I can't stop watching the television series "Friday Night Lights," which ran for a mere five seasons from 2006-2011 but was plagued by poor ratings amid glowing reviews from critics.
As much praise that was heaped on the television series, the show didn't really find much of an audience during its initial run. Not since its arrival on Netflix has the show started to gain a new generation of fans who are enjoying the drama that just happens to be about high school football.
The remarkable writing and acting of the ensemble cast of "Friday Night Lights" made the revelation that the show struggled mightily to stay on the air even harder to grasp.
Here's a show that is intoxicating, suspenseful, topical and poignant all in the same breathe but barely scratched out a million or so viewers every week.
So that brings up a valid question: How do good television shows find a way to get canceled.
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"Friday Night Lights" is just one of many series that sink rather than swim but no one is really sure why that happens.
Take "Freaks and Geeks," "Arrested Development," "My So Called Life" or the most recent NBC show, "Community." All of these shows had passionate fan bases that turned them from flops into cult shows that, in some cases, resurrected (Development) or are now talked about and looked upon as true gems when it comes to television.
Some shows really haven't done anything wrong, either but rather the onus is on the network for not giving a show much consistency in the eyes of the audience. "Community" is one show that comes to mind, given the number of times it was moved on the NBC schedule. The show's lack of staying power and ratings can be traced back to never finding a home that stuck.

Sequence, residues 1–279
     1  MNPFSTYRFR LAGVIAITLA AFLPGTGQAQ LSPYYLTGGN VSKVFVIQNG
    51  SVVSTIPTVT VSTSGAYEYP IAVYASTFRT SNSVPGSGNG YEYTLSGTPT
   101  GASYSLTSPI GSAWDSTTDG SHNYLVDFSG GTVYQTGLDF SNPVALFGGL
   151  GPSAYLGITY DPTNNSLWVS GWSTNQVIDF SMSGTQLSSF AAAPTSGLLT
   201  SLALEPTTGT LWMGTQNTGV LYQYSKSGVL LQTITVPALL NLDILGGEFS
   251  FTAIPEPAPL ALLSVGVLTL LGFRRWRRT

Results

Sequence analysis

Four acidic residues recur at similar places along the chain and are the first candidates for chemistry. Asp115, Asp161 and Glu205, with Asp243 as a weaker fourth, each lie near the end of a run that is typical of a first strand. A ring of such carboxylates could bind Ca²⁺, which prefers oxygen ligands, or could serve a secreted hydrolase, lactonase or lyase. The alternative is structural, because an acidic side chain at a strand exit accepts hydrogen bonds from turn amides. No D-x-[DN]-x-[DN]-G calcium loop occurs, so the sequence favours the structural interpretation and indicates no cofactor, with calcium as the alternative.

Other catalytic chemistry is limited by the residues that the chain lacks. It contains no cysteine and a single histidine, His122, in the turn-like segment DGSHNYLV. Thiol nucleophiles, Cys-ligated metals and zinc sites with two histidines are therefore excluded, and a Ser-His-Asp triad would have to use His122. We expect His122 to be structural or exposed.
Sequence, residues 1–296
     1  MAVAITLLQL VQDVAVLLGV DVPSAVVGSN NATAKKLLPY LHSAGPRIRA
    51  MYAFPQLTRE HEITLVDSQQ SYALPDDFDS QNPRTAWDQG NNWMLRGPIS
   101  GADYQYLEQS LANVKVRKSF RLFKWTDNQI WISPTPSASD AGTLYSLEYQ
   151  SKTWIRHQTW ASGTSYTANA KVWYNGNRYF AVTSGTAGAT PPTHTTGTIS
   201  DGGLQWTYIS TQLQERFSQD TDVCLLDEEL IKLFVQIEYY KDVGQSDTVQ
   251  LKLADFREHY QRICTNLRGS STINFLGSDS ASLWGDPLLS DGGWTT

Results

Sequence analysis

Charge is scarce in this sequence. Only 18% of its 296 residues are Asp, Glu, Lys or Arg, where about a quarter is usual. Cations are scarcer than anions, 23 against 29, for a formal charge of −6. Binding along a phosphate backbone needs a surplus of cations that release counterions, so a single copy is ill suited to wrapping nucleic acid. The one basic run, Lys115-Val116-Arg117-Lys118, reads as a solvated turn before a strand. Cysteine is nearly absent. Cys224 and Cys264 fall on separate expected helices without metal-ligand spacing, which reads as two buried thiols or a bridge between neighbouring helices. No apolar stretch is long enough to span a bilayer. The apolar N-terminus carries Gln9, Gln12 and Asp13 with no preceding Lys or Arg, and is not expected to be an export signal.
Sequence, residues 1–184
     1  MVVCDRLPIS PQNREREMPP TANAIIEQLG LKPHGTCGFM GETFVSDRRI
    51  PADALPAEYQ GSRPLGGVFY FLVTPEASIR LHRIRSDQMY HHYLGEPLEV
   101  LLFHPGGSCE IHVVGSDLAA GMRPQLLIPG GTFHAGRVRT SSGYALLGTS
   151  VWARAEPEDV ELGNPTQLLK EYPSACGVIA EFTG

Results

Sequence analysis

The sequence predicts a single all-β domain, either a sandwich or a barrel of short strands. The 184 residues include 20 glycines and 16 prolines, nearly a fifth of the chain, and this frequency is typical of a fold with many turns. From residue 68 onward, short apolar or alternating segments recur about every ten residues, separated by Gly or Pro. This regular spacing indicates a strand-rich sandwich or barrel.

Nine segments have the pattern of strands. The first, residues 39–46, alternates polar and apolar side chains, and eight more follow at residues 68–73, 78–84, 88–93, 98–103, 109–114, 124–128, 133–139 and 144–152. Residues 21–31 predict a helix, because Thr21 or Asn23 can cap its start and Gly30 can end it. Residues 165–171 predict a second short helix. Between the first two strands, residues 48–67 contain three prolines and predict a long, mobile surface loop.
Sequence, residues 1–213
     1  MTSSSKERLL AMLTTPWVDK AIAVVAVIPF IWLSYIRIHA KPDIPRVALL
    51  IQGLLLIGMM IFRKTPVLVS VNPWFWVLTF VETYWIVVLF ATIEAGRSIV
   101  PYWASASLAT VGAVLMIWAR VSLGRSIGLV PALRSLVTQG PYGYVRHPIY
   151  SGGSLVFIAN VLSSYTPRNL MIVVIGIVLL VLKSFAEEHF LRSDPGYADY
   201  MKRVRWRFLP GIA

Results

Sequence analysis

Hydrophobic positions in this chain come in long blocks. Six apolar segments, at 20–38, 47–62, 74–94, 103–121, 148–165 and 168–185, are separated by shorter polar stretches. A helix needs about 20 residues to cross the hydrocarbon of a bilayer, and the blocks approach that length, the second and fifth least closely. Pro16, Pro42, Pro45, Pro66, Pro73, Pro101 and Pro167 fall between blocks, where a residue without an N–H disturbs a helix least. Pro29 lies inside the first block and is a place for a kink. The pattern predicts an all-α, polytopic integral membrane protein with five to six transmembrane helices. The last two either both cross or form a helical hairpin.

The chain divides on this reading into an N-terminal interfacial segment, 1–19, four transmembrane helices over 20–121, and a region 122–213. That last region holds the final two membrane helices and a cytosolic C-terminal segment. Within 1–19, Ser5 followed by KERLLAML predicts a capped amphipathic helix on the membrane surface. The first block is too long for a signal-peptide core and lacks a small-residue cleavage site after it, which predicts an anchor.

"My So Called Life" didn't even finish shooting one season before it got axed, but today's teenagers are finding the show on cable television in the form of reruns and genuinely love the show. "My So Called Life" could easily have been labeled "ahead of its time" given that it tackled serious topics in the mid 1990s, perhaps a little too much for ABC at the time.
It also didn't help that "Life" was going head to head with another little show being pushed by NBC, "Friends." "Friends" was a lighthearted, ensemble cast with funny interaction and terrific writing, and "Life" was a bit of a brooding, downer in comparison. But years later, "Life" has new life with new viewers who weren't even alive when the show originally aired.
So, in essence, network decisions, timing and marketing play a huge role in television shows and whether they can last beyond a few episodes. Most short lived series deserve to be ripped from the airwaves as most of them are just downright terrible.
For the aforementioned ones that weren't bad by any means, you have to think that some factor aside from quality played against their favor.
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